Adding a Little Bit of Spice

Recently I had the pleasure of coming across some Jamaican Dream, a beautiful strain that has a mellow earthy scent, a little musky, like a forest after a rainfall in August. This scent comes from its dominant terpene Myrcene, which is known for the earthy tones we often associate with cannabis.


Of all the terpenes, Myrcene might be the most interesting. Not only is it one of the most common terpenes found in cannabis, the concentration of myrcene in cannabis is thought to determine whether it will have more Indica- or Sativa dominant effects; in levels higher than 0.5% it will create a sedating effect often associated with Indica plants, while strains containing less than 0.5% will have more uplifting sativa-esque effects.


Myrcene is found in quite a few plants; thyme, hops, and lemongrass all contain this musky, earthy compound. Myrcene also shows up in mangoes quite a lot, which is what inspired todays recipe.


In Prince Edward County we have had a bumper year for produce. The rain and warm weather have combined to create an abundance of produce, and we are lucky enough to know a few people who happen to grow some expectational habanero peppers.


This, along with our Jamaican Dream, inspired this mango and habanero infused hot sauce.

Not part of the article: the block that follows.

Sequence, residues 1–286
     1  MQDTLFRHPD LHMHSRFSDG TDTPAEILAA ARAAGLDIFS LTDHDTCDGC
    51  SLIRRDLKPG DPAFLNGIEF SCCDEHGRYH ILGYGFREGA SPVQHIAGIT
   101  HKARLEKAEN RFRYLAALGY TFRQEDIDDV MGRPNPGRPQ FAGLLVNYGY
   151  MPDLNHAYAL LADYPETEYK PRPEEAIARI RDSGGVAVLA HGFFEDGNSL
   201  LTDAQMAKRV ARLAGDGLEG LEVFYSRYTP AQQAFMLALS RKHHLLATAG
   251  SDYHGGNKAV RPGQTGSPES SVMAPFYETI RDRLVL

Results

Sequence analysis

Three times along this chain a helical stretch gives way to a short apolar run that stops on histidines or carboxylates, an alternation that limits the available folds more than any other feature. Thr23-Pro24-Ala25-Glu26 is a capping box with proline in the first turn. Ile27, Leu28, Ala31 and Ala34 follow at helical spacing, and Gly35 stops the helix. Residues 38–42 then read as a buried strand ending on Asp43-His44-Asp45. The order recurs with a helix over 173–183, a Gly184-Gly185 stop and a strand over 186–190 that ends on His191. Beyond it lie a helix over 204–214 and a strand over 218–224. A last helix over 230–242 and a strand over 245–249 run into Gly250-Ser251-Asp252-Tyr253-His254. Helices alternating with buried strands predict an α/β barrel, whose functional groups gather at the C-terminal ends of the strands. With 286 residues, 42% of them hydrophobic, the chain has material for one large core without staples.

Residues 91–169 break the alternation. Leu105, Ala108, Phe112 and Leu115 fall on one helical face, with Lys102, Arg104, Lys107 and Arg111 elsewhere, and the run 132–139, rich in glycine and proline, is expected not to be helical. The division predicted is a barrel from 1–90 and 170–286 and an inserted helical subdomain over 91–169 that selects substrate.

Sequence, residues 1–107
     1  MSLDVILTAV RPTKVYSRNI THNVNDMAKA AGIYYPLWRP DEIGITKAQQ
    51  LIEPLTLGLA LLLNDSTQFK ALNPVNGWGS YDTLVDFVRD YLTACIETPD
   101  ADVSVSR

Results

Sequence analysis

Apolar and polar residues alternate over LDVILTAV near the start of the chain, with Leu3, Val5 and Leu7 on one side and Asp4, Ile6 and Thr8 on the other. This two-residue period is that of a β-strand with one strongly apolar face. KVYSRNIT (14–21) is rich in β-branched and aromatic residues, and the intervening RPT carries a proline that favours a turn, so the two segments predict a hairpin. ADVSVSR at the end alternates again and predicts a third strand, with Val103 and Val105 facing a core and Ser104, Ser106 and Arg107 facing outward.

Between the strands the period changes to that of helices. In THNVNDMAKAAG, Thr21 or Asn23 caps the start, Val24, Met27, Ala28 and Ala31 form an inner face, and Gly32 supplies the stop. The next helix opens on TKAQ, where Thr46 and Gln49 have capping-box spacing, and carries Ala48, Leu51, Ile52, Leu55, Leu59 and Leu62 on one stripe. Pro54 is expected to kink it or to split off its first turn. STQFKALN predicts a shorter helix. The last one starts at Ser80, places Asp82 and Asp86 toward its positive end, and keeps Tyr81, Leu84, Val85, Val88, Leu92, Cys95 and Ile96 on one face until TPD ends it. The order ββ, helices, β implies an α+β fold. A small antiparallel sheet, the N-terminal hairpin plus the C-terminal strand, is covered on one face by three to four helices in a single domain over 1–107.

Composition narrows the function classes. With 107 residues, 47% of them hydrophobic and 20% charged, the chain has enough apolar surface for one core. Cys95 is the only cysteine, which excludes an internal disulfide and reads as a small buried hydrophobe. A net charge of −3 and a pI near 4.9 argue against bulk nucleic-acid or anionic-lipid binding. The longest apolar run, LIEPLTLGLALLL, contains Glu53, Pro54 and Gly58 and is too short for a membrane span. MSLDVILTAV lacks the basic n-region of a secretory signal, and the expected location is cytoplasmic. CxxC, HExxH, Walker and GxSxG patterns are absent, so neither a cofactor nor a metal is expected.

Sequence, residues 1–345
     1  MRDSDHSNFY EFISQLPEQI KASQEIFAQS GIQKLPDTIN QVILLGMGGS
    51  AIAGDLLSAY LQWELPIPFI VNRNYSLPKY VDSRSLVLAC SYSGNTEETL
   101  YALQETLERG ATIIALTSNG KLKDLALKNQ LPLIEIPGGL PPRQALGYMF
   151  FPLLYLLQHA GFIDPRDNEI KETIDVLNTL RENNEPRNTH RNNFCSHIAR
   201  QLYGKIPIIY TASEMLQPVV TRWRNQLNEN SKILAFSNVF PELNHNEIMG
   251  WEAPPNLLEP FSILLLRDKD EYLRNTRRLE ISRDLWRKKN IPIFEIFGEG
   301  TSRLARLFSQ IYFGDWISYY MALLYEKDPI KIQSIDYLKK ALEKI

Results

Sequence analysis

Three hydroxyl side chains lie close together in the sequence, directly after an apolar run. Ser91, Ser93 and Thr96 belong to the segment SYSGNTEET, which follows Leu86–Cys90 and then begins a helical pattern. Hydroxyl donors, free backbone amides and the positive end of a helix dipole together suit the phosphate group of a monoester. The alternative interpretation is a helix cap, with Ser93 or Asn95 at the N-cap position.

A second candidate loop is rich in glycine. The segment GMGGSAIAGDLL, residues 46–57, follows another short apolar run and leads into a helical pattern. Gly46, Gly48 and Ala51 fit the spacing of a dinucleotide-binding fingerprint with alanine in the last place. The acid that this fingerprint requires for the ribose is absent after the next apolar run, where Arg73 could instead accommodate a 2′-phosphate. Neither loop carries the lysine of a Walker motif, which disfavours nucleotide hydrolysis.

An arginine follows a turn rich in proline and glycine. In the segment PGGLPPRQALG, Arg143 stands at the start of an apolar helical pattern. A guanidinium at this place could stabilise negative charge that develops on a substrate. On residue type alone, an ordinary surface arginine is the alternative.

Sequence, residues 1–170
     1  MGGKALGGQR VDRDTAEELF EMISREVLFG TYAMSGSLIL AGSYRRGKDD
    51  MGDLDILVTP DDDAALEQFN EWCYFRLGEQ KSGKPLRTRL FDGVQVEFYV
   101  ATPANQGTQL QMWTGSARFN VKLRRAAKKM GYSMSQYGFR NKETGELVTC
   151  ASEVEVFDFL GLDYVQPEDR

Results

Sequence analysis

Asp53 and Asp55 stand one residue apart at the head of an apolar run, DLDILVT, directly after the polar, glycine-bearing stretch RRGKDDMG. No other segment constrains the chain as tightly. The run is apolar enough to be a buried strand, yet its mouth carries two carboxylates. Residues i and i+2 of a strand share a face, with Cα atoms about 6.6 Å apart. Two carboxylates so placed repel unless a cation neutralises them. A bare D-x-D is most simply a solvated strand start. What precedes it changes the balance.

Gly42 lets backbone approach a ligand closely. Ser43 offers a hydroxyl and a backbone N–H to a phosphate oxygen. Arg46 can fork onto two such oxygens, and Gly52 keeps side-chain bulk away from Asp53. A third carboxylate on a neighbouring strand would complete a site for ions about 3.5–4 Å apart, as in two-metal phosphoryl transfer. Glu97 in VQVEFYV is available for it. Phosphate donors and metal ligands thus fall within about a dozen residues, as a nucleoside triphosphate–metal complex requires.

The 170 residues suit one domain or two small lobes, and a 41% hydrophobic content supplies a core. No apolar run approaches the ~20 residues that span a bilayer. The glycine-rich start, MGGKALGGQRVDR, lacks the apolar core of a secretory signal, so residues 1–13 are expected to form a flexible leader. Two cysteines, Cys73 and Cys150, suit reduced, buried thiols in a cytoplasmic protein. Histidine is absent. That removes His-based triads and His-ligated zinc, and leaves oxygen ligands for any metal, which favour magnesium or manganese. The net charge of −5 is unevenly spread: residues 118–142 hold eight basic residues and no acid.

This sauce is beautiful. Not only is the colour stunning- a rich, glowing sunset orange- but the taste is phenomenal, marrying the sweet earthy tones of the mango with the punchy spice of the habanero perfectly. Now this sauce is not for the faint hearted, and with spice as with cannabis its important to start low and go slow!




YIELD: 30 servings

DOSAGE PER SERVING: 0.33mg



INGREDIENTS:


5 habanero peppers ( for spicier sauce, keep the seeds in, for a milder sauce, remove the seeds; we did half and half to get a middle of the road spice)


1 mango peeled and chopped


3/4 cup chopped white onion


4 garlic cloves, chopped


1/2 cup apple cider vinegar


1/4 cup water


1 mL Jamaican Dream infused glycerin at 10mg/ mL ( if you have a weaker infusion, feel free to add oil instead so that it wot' become too sweet)


1/4 teaspoon cumin


1/2 teaspoon allspice


1 teaspoon ginger powder


1 teaspoon salt



INSTRUCTIONS:


Add all ingredients to a food processor and blend until smooth.


Add mixture to a large pan and bring to a boil. Reduce heat and allow to simmer for 10 minutes.


A QUICK NOTE: Dealing with hot peppers is a very spicy event and its important to protect yourself. To minimize the risk of getting the spicies in your eyes, nose or mouth unintentionally, we recommend wearing latex gloves at all times when handling the peppers, and be aware that the steam coming off of the hot sauce mixture will be spicy to inhale.











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